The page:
A reader named Steve says he’s disappointed in me because I have “resorted to name calling” in my recent blogs. He doesn’t think that’s the right way to debate the issues of the day.
But in the interests of accuracy, how am I to describe the conservatives who have been getting all the press recently without using unflattering terms?
How can I describe Christine O’Donnell, the Republican Senate candidate in Delaware, without using words like “crazy,” or “right-wing” or “idiot”?
How can I be respectful of Rand Paul, the Republican Senate candidate in Kentucky, when he persistently spews racist, jingoistic and financially nonsensical garbage on the air?
What flattering terms would you be able to find for Minnesota’s Michele Bachmann? Or Nevada Republican candidate Sharron Angle?
Or – God help us – Fox News’ Glenn Beck and radio rabble rouser Rush Limbaugh?
What about Newt Gingrich’s “scholarly” dissertation on President Obama’s Kenyan roots and their influence on his administration? How do you discuss trash like that without resorting to name calling?
And then there’s Jim Russell, who is carrying the Republican flag in New York state. He is so extreme that the Republican Party is trying to stop him from running for Congress. Among other things – many other “crazy” things – this guy writes “scientific” papers warning against integrated schools because, he says, they encourage intermarriage, which he vehemently opposes.
He uses finches to point out the “dangers” of mingling socially with people outside your own race:
It has been demonstrated that finches raised by foster parents of a different species of finch will later exhibit a lifelong sexual attraction toward the alien species. One wonders how a child’s sexual imprinting mechanism is affected by forcible racial integration and near continual exposure to media stimuli promoting interracial contact. The most serious implication of human sexual imprinting for our genetic future is that it would establish the destructiveness of school integration, especially in the middle and high-school years. One can only wonder to what degree the advocates of school integration, such as former NAACP attorney Jack Greenberg, were conscious of this scientific concept. It also compounds the culpability of media moguls who deliberately popularize miscegenation in films directed toward adolescents and pre-adolescents. In the midst of this onslaught against our youth, parents need to be reminded that they have a natural obligation, as essential as providing food and shelter, to instill in their children an acceptance of appropriate ethnic boundaries for socialization and for marriage.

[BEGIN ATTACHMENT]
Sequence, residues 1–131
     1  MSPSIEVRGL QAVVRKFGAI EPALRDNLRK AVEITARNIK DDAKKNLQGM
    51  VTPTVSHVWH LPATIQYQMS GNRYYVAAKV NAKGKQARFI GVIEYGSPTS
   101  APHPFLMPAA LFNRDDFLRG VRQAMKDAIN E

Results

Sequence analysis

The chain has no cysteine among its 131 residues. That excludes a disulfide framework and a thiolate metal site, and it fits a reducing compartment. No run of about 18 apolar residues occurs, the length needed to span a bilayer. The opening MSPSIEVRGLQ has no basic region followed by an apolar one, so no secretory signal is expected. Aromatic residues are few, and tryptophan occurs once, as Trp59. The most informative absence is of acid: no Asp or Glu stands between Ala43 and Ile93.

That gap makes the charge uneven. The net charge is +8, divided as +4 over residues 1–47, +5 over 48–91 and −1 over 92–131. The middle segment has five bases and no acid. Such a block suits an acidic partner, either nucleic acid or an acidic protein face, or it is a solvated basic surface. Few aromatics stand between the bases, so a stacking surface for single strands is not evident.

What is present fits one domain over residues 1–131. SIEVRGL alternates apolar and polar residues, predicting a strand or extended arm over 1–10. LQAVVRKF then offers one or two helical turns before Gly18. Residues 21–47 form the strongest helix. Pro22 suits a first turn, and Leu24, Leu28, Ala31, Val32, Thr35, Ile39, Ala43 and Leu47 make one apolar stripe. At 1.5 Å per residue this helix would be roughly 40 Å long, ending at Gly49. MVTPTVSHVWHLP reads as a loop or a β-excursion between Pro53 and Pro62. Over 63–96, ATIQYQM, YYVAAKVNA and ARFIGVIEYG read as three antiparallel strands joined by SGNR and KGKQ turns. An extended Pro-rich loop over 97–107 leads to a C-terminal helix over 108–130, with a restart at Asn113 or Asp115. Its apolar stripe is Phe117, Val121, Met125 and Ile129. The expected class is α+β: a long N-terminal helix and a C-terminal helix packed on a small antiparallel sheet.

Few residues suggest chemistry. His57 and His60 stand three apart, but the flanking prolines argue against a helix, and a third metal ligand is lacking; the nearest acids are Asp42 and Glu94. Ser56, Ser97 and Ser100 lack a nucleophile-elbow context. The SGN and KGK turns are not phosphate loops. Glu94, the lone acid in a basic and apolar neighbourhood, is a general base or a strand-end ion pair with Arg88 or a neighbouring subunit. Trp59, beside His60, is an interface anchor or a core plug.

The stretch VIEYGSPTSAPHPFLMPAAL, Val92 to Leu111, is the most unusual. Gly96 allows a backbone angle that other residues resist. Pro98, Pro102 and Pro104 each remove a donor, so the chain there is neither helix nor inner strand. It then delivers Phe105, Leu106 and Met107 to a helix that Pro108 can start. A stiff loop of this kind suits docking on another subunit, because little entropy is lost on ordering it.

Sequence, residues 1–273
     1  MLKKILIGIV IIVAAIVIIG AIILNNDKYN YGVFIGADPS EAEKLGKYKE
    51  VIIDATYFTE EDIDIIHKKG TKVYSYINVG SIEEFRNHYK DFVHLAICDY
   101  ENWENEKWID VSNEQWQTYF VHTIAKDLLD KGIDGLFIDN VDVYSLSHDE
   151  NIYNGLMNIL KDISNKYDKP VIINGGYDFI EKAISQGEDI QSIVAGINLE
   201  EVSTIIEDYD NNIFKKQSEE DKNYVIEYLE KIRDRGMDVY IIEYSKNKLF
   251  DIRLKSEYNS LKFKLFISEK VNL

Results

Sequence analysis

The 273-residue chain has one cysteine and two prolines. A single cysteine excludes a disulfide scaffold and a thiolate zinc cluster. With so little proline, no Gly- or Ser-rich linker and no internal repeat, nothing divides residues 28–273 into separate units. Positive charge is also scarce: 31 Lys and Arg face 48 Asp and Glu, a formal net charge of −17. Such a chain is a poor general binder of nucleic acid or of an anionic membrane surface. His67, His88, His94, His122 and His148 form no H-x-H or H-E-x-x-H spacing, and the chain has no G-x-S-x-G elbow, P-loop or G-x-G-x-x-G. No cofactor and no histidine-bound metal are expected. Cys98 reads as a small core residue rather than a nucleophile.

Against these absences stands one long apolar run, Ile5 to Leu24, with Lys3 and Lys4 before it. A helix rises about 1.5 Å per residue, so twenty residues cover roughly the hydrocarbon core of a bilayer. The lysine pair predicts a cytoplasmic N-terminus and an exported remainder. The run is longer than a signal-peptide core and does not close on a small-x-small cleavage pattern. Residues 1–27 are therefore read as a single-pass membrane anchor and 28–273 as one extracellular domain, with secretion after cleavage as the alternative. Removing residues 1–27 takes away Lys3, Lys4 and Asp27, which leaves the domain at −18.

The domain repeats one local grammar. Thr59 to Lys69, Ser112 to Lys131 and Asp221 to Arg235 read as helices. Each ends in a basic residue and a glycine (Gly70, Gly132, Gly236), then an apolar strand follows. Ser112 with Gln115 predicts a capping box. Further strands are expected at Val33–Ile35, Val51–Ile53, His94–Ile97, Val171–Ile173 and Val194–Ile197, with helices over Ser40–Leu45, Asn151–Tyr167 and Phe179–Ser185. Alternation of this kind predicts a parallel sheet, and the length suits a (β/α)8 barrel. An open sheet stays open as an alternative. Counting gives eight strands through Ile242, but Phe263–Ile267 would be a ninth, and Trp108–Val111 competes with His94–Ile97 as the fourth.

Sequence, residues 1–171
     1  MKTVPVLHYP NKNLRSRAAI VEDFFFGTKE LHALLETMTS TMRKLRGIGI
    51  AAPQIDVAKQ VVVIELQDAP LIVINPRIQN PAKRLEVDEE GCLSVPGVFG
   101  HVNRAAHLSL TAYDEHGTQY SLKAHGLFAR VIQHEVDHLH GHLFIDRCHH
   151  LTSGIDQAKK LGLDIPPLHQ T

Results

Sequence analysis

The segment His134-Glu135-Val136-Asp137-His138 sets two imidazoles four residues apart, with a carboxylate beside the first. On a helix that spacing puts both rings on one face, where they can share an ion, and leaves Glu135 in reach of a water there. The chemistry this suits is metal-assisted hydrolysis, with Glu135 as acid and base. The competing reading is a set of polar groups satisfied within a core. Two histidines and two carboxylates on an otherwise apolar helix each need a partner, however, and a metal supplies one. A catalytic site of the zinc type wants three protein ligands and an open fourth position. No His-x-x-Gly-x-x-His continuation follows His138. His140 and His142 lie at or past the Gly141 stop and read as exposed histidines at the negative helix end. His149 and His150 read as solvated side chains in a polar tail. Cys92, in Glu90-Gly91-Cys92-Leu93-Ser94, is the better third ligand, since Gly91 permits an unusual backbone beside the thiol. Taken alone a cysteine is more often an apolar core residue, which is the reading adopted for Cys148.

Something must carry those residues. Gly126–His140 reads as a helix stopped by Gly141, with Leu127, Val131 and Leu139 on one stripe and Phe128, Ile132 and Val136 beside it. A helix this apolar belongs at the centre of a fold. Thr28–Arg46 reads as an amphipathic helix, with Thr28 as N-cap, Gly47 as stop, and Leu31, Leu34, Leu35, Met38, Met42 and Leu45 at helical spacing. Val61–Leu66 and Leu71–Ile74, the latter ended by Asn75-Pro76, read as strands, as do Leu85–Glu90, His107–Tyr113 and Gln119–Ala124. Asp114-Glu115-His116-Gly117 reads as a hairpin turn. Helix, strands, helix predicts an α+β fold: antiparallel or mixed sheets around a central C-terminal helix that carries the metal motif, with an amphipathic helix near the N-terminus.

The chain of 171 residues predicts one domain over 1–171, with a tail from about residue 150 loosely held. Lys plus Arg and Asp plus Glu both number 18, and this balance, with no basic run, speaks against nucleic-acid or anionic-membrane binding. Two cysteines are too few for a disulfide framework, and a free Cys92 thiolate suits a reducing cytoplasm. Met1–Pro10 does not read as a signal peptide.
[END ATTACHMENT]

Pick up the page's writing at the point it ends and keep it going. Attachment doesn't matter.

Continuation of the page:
If you think that’s mind boggling, how about the Republican candidate for governor of the state of New York, a Neanderthal named Carl Paladino, who looks like a character from “The Godfather” and talks like a guttersnipe.
“Name calling” doesn’t begin to do Paladino justice. You’ll have to come up with your own description after viewing these “humorous” emails he circulated:
These examples are not isolated cases. The Republican roster for the mid-term election in November includes far more “kooks” than ever before.
And what’s even more troubling is that they have become so influential in the party that Republican politicians who used to be considered reasonable are talking like them.
So forgive me if I resort to name calling. But these SOBs cannot be ignored, and there’s no other way to describe them accurately.